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Anemarsaponin E


Catalogue Number : BD-D0212
Specification : HPLC≥98%
CAS number : 136565-73-6
Formula : C46H78O19
Molecular Weight : 935.11
PUBCHEM ID : 71307556
Volume : 10mg

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Catalogue Number


Analysis Method






Molecular Weight




Botanical Source

Anemarrhena asphodeloides Bge.

Structure Type

Steroid Saponins and its Sapogenins


Standards;Natural Pytochemical;API




timosaponin B-I/Anemarsaponin E/tilivalline/Tilifodiolide/(3β,5β,25S)-26-(β-D-Glucopyranosyloxy)-22-methoxyfurostan-3-yl 2-O-β-D-glucopyranosyl-β-D-galactopyranoside/Naphtho(1,2-c)furan-3(1H)-one,8-(2,5-dihydro-2-oxo-3-furanyl)-1-(3-furanyl)-6,7,8,9-tetrahydro-,(1R-cis)/β-D-Galactopyranoside, (3β,5β,25S)-26-(β-D-glucopyranosyloxy)-22-methoxyfurostan-3-yl 2-O-β-D-glucopyranosyl-




1.4±0.1 g/cm3


Soluble in Chloroform,Dichloromethane,Ethyl Acetate,DMSO,Acetone,etc.

Flash Point

568.6±34.3 °C

Boiling Point

1016.6±65.0 °C at 760 mmHg

Melting Point



InChl Key


WGK Germany


HS Code Reference


Personal Projective Equipment

Correct Usage

For Reference Standard and R&D, Not for Human Use Directly.

Meta Tag

provides coniferyl ferulate(CAS#:136565-73-6) MSDS, density, melting point, boiling point, structure, formula, molecular weight etc. Articles of coniferyl ferulate are included as well.>> amp version: coniferyl ferulate

No Technical Documents Available For This Product.




Simple sequence repeats (SSR), also called microsatellites, have been widely used as genetic markers, and have been extensively studied in some model insects. At present, the genomes of more than 100 insect species are available. However, the features of SSRs in most insect genomes remain largely unknown.

We identified 15.01 million SSRs across 136 insect genomes. The number of identified SSRs was positively associated with genome size in insects, but the frequency and density per megabase of genomes were not. Most insect SSRs (56.2−93.1%) were perfect (no mismatch). Imperfect (at least one mismatch) SSRs (average length 22−73 bp) were longer than perfect SSRs (16−30 bp). The most abundant insect SSRs were the di- and trinucleotide types, which accounted for 27.2% and 22.0% of all SSRs, respectively. On average, 59.1%, 36.8%, and 3.7% of insect SSRs were located in intergenic, intronic, and exonic regions, respectively. The percentages of various types of SSRs were similar among insects from the same family. However, they were dissimilar among insects from different families within orders. We carried out a phylogenetic analysis using the SSR frequencies. Species from the same family were generally clustered together in the evolutionary tree. However, insects from the same order but not in the same family did not cluster together. These results indicated that although SSRs undergo rapid expansions and contractions in different populations of the same species, the general genomic features of insect SSRs remain conserved at the family level.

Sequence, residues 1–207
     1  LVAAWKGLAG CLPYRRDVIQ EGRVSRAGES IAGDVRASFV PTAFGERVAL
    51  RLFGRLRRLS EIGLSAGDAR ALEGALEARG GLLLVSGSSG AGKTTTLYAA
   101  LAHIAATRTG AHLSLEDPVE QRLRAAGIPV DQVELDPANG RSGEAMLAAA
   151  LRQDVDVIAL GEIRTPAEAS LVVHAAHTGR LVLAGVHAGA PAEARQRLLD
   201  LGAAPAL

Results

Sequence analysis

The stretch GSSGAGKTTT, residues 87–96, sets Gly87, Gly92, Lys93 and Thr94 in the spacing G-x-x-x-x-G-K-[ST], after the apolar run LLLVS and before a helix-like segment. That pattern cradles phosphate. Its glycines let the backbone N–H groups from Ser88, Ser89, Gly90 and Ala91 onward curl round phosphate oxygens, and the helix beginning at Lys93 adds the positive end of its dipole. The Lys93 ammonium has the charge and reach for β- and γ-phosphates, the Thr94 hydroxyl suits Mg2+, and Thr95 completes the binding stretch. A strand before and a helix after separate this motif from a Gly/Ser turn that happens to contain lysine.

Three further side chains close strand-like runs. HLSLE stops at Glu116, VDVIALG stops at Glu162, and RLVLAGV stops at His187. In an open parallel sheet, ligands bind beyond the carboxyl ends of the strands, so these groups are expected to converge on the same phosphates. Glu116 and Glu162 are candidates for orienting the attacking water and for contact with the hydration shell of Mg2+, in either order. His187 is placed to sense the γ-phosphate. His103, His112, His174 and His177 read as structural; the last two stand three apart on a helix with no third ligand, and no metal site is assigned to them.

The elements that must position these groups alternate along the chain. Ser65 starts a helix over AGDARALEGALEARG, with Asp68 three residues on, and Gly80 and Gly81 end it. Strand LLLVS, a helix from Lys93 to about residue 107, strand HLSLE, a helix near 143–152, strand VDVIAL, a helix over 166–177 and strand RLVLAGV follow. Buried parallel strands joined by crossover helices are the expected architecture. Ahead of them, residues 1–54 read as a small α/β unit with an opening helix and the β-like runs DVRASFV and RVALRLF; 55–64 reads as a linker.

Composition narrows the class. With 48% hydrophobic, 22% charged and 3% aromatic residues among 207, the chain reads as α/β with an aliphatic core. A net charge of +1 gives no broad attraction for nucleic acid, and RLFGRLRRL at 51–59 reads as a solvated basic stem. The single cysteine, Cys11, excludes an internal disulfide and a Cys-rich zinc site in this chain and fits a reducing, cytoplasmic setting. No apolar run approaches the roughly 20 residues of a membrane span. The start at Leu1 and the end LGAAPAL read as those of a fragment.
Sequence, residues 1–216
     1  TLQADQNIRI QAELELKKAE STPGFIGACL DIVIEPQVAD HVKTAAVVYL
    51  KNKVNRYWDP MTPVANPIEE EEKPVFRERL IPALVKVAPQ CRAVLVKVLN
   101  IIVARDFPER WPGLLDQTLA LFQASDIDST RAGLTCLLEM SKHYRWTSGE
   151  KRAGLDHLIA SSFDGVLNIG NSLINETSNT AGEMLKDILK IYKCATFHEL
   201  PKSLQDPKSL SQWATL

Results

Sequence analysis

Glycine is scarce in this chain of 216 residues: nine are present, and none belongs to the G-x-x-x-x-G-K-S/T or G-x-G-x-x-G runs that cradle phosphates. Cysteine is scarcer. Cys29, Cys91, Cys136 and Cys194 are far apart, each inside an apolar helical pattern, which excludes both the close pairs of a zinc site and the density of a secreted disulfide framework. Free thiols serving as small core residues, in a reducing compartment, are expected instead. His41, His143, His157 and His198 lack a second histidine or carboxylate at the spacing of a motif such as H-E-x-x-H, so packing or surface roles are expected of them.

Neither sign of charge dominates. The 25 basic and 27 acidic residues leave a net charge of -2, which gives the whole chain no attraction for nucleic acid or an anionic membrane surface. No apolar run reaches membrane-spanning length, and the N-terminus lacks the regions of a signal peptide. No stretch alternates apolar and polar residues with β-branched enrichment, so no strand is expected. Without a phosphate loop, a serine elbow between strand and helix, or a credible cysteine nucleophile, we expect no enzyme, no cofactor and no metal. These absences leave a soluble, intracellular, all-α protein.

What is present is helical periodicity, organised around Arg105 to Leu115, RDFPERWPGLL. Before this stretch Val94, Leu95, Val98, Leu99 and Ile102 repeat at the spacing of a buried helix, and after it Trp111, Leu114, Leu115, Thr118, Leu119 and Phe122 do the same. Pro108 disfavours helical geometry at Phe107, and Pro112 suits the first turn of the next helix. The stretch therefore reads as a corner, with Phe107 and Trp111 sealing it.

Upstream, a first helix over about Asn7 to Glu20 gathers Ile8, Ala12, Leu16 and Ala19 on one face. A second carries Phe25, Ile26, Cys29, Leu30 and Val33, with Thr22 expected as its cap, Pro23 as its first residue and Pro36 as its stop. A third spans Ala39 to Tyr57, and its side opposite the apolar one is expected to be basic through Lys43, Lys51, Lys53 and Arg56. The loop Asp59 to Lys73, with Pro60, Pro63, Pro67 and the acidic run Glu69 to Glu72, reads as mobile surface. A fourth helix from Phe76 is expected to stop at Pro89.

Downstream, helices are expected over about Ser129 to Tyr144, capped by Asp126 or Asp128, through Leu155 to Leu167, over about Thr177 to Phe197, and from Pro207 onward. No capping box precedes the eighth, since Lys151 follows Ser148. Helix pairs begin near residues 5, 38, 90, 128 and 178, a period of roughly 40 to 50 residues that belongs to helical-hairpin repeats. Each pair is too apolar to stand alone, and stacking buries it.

Millions of insect SSRs were identified and their genome features were analyzed. Most insect SSRs were perfect and were located in intergenic regions. We presented evidence that the variance of insect SSRs accumulated after the differentiation of insect families.

Electronic supplementary material
The online version of this article (10.1186/s12864-017-4234-0) contains supplementary material, which is available to authorized users.


Insect, SSR, Genome features, Phylogenetic analysis, Taxon, Molecular marker


Large-scale analysis reveals that the genome features of simple sequence repeats are generally conserved at the family level in insects


Simin Ding,1 Shuping Wang,2 Kang He,1 Mingxing Jiang,corresponding author1 and Fei Licorresponding author1

Publish date





Nonadherence to antihyperglycemic agents (AHAs) increases the incidence of morbidity and mortality, as well as healthcare-related costs, in patients with type 2 diabetes (T2D). This study examined the association between medication copayment and adherence and discontinuation among elderly patients with T2D who use generic versus branded AHAs.